Source: PEKING REVIEW Vol.1 No.3, March 18, 1958
Chisan County, in coal-producing Shansi Province, has made a name for itself with its complete network of medical and health facilities. It has a health centre for every township, complete with a full-time doctor, anti-epidemic workers, and trained nurses to look after the welfare of women and children. These centres are joint efforts of the agricultural cooperatives. Under each there is a health unit, with three to five nurses, attached to the village or co-op. These are the primary working units, but there is a hospital in every town and above that, a larger hospital, health centre and anti-epidemic department in the county seat.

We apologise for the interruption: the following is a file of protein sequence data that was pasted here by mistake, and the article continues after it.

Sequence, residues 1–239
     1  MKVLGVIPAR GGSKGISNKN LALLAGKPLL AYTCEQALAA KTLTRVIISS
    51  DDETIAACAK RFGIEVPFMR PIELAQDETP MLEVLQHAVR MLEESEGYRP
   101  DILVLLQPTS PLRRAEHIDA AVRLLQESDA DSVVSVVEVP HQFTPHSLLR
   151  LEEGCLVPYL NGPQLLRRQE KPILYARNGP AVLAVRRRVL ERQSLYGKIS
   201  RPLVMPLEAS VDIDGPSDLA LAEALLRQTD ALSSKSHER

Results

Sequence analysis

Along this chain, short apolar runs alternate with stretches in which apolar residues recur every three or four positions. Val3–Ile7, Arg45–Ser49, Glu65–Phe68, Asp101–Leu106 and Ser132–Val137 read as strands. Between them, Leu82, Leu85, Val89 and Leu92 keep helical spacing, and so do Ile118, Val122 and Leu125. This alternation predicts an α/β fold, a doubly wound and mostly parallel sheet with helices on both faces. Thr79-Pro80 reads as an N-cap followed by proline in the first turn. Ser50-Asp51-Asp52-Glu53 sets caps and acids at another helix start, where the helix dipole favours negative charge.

Chisan County now has a doctor for every 700 people and a hospital bed for every 1,000, as well as 470 trained nurses and 883 midwives with modern scientific training. By the end of 1957 more than a hundred villages in the county were commended for their model sanitation work. In February this year 229 villages were given the title of “Five-No’s Village” — no grain-eating sparrows, no rodents, no bugs, no fleas, no lice. Once a county of ill-health and disease, Chisan today is free from the cholera, smallpox, typhoid fever, and other diseases that used to plague it.
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